Living Hour Said Goodbye and Started Anew in Winnipeg

Good Will Social Club, December 9

With Jamboree

Photo: Mike Thiessen

BY Myles TiessenPublished Dec 11, 2023

A bittersweet hum of beginnings and endings rang out through Living Hour's entire performance at Winnipeg's Good Will Social Club.

The band's first local show in over a year was flooded with new material, showcasing an audacious new creative direction of impressively bombastic music. The regrettable dichotomy of the lively, electric evening was that it was also, sadly, their last performance in the beloved Winnipeg venue.

The Good Will Social Club, which has been the cultural hub of Winnipeg's indie music scene for the past ten years, recently announced its closure at the end of January. The Good Will has been a favourite for many working musicians in the city as countless artists tested their chops, built loyal fan bases, and found community within the small scene. 

Every music fan holds dear the particulars of the venue they love the most. They know how sound bounces off the walls, the way certain bass tones will rattle the snare, which line at the bar will be the quickest, and probably a few tricks for getting into the odd show for free. The Good Will's closure will undoubtedly leave a hole in the city's roster of venues, but perhaps more importantly, the hearts of the people who found a network of kinship there. 

For Living Hour, those ten years capture the band's entire career. The Good Will has always been a home base for the band after studio time or extended tours, a place to return to their roots and to freely morph in any creative direction in front of faithful fans.

Saturday's receptive crowd pushed to the front of the stage as the speakers started blasting some heavy industrial house before Living Hour even stepped on stage, with some fans clamouring onto the large wooden tables and chairs pushed to the side of the house for a better view of the band. As Living Hour walked on in stark darkness, the wave of cheering muffled the thundering electronic music, and the band started playing with equally raucous vitality.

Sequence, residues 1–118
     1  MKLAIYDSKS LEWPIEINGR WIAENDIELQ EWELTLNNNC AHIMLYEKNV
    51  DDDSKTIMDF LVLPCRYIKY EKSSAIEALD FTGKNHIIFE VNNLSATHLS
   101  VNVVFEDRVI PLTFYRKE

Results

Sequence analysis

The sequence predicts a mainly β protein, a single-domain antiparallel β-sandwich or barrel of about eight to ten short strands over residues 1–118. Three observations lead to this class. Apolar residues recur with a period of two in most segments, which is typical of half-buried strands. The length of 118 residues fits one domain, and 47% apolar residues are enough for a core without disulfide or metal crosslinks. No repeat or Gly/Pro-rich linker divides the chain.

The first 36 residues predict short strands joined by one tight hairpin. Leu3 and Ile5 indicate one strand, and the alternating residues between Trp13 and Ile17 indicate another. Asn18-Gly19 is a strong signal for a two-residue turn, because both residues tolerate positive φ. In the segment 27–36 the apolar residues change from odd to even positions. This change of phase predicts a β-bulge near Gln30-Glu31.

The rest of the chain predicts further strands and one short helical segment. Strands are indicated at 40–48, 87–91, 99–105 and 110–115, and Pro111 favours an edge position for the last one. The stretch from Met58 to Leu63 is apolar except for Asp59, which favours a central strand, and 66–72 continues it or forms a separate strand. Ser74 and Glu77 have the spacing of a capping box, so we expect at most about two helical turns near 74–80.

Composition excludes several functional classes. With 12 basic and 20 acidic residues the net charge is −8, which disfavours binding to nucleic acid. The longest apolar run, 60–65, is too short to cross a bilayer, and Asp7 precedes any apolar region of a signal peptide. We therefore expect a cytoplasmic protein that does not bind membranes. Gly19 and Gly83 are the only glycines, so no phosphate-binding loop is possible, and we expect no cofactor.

With this show, their shoegaze-inspired indie rock was colossal in its dynamism, colliding in a wall of grunge and folk balladry. It shook off the slowcore inspirations of their earlier work in favour of a kaleidoscopic foray into noise pop.

The infinitely echoing abrasion of their instruments reflected the plaintive vocals and raw humanity found in their lyrics. Living Hour sang with the assurance that their words would forever be etched into the chorus of humanity — the confidence, ease and small creative liberties taken made for a completely enrapturing performance. 

While their new songs are fiery, catchy and imbued with emotional novelty, it was nice to hear some older material too. They took their time with the still-enduring echoes and feedback as each member tuned before the complete sonic ignition of "Feelings Meeting." The frantic crowd couldn't contain their excitement, and, just like a gas under heat and pressure, the kinetic energy bounced around the small venue, striking the walls with more and more force until a unified detonation. 

While things child out from time to time and the crowd's energy slowed, you never got the sense that the audience felt too awkward to move. During the contemplative "Curve," the music moved through the congregation like a spectre, resonating with each individual in some brilliant personal way. 

As their set came to a close, it became clear that Living Hour's music was designed for this venue. It's impossible to articulate just how exactly the Good Will — with its low ceilings, twinkling Christmas lights, disco ball and intimate composition — has influenced the band's sound over the years. Like the mid-sized venue, their music is confidential and familiar, yet ever-evolving and exhilarating; not limited to its size and scope, but embracing and moving within it. 

"It's good to sing and be in the room with you all. It's not going to be much longer," sadly conceded lead vocalist Sam Sarty, who donned a worn-out camouflage hat dipped low over her eyes. Most artists and fans will miss the Good Will, but like losing the dearest part of you, Living Hour will grieve it. 

Latest Coverage